P.S. Just like in the PHP editor, mark occurrences and instant rename are type-assertion-aware:

Monday, January 5, 2009

NetBeans Screenshot of the Week #40: Python Test Runner UI

WARNING: This blog entry was imported from my old blog on blogs.sun.com (which used different blogging software), so formatting and links may not be correct.

In the 7.0 builds, we have a dedicated unit test runner for Python now. Running a file as a test, or running the test project action, will open a test runner with the output docked on its right hand side, instead of just the output window (click for full size screenshot):

Here's the test runner itself:

What you want to see in the output is a single green line which says "All n Tests Passed", where n is hopefully a large number. But when one or more of the tests fail, you see something like the above. Running the Next Error action (Cmd-.) will jump to the next failed test, just like it normally jumps to the next error in the current output window, or the next task in the tasklist.

One thing to notice (and this is new in 7.0) is that we now include the failure message right there in the test summary for each test, so you don't have to drill into an individual test to see the failure message. You can also hover over a test and any output from that test is shown in a tooltip. You can also right click on tests and select "Run Again" to run just one specific test over again.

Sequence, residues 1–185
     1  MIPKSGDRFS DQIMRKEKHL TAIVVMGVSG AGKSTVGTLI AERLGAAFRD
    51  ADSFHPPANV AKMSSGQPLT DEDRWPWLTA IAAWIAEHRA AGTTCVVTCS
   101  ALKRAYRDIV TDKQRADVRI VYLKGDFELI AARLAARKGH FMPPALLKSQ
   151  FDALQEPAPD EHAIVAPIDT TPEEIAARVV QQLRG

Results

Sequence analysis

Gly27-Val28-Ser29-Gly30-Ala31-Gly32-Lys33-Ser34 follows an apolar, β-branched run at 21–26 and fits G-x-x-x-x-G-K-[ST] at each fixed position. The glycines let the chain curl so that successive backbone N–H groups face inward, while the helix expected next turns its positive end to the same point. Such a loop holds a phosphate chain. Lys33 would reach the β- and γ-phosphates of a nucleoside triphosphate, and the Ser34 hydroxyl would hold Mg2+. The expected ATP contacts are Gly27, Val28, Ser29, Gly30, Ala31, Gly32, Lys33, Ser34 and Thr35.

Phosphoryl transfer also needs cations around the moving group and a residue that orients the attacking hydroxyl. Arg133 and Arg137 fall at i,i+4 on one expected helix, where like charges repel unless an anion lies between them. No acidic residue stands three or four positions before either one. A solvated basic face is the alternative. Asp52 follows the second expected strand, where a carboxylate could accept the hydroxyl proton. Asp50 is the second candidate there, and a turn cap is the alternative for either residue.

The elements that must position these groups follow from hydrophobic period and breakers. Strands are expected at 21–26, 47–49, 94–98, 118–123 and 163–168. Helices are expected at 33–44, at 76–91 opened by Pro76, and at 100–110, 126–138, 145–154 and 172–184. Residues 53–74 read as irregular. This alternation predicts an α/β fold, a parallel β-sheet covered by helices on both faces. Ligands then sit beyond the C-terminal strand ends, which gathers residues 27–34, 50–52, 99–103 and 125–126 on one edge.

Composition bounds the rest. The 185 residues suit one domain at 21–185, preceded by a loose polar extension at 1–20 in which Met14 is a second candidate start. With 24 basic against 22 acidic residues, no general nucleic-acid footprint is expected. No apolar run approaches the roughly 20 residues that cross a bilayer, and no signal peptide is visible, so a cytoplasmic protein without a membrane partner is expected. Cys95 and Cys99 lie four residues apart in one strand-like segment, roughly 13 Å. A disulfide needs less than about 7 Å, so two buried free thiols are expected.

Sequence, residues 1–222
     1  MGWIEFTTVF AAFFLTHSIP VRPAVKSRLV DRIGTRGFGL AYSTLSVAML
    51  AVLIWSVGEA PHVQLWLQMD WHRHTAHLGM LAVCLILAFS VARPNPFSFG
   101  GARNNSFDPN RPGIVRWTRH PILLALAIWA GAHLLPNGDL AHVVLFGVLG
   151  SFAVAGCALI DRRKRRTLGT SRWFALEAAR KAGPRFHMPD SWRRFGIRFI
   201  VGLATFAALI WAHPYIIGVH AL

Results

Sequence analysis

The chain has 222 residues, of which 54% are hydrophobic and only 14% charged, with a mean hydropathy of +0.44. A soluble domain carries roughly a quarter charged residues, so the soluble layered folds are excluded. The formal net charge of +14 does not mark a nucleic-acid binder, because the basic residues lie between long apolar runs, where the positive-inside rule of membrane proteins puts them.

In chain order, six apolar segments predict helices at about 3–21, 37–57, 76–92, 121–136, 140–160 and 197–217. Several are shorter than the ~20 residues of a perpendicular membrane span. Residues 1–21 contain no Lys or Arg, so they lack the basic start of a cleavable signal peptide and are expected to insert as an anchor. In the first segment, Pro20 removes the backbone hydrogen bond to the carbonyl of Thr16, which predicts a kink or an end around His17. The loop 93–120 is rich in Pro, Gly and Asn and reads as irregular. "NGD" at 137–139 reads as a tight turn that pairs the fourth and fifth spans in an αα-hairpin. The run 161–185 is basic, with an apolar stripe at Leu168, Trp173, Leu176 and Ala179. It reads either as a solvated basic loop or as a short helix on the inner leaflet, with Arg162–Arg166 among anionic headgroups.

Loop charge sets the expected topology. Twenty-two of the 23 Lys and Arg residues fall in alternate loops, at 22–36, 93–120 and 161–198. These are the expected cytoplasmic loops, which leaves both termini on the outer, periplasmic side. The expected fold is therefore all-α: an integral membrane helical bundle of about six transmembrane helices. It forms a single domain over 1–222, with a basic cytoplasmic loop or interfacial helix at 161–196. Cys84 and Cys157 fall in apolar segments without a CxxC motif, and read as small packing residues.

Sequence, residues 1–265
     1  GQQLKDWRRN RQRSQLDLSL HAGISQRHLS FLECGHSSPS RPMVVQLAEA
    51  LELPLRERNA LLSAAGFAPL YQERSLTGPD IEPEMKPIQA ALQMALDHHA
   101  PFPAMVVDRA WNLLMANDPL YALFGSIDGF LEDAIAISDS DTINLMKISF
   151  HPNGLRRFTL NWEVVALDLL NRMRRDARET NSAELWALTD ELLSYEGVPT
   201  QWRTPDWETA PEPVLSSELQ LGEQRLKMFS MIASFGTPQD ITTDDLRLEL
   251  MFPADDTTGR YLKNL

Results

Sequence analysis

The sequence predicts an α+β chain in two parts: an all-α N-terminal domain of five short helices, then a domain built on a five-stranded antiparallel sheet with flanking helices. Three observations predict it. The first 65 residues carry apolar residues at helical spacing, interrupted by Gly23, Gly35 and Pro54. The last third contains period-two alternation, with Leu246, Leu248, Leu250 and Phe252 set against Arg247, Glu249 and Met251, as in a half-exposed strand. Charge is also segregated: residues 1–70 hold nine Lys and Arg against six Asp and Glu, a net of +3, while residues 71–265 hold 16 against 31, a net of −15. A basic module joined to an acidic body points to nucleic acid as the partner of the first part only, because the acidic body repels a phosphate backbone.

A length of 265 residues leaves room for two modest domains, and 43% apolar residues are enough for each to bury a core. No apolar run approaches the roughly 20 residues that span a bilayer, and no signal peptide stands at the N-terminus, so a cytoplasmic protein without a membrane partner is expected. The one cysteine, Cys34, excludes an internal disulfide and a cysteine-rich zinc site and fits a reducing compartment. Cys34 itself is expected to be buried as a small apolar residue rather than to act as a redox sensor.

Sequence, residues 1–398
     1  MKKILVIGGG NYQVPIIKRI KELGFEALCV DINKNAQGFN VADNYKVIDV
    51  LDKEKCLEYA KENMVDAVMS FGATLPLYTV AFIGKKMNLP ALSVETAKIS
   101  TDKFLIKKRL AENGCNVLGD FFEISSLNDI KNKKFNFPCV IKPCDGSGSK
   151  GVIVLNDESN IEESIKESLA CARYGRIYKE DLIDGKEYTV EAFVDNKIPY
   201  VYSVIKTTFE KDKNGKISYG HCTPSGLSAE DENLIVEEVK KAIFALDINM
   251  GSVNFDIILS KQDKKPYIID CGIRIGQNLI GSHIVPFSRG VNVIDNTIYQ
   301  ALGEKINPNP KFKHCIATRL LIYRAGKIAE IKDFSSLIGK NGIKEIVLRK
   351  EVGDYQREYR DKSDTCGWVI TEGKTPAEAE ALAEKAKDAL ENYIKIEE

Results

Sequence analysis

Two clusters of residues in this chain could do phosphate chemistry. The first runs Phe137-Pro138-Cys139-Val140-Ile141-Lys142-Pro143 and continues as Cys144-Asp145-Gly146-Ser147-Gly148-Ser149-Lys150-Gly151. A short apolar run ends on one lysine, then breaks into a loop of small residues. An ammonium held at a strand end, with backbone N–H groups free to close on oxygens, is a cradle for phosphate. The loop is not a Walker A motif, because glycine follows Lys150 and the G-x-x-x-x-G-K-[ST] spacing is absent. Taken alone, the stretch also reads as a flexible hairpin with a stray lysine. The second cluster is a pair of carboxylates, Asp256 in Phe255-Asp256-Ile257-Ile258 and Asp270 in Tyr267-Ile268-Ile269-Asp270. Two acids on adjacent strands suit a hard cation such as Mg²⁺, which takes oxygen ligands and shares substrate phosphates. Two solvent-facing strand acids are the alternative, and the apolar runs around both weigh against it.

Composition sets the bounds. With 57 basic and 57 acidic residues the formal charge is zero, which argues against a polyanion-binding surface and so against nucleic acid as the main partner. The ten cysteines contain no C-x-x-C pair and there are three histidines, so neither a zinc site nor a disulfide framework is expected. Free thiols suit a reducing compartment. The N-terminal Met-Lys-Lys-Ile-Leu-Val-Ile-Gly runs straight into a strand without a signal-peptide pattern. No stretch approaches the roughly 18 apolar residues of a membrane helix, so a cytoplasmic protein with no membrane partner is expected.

This is the same window as the one we have for Ruby. In fact, Erno, who wrote the Ruby test runner, has modularized the code now such that it's the same implementation for both languages - we just have language specific plugins to actually hook into the various testing frameworks. Currently, for Python we support the two builtin testing frameworks: unittest and doctest. The above screenshot showed a regular unittest run. Here's a doctest:

One important thing to note is that you don't have to instrument your code with any test running code. As long as you place doctests in your docstrings, or as long as you have any classes extending unittest.TestCase, the test runner will find them. All you have to do is run Test Project:

and when you have done that, both unittests and doctests are found and included in the same test run - here's both failing doctests and unit tests:

Once again, kudos to Erno for writing the excellent test runner support! And as usual, let us know of any problems.

P.S. Jean-Yves Mengant has also done some excellent work recently. In addition to some cool new quickfixes in the Python editor for NetBeans, he has just integrated a multithreaded debugger for Python!

Friday, January 2, 2009

Ruby Code Coverage in the builds now

WARNING: This blog entry was imported from my old blog on blogs.sun.com (which used different blogging software), so formatting and links may not be correct.

I've checked the Ruby code coverage code into the trunk now, so if you grab a recent daily 7.0 build, it should be there. I found a Windows-specific bug in the Python code coverage code as well, so grab a new build if you're on that platform.

I've had some fun with Java2D lately. Instead of the ugly coverage bars I showed in my screenshots a couple of weeks ago, the coverage bars now have proper gradients, drop shadows behind the text etc.:

Another thing I added is a bar in the editor footer (while code coverage is enabled) which lists the coverage percentage for the current file, along with actions to quickly run the tests again, or bring up the coverage report, or clear the results, or finish the coverage mode. As well as warn you when your data is older than your code.

And finally, I updated the built-in and extra color themes to also have color definitions for the coverage highlights. Here's the Dark Pastels color theme with coverage data enabled:

Please let me know of any problems while this code is still fresh in my mind :)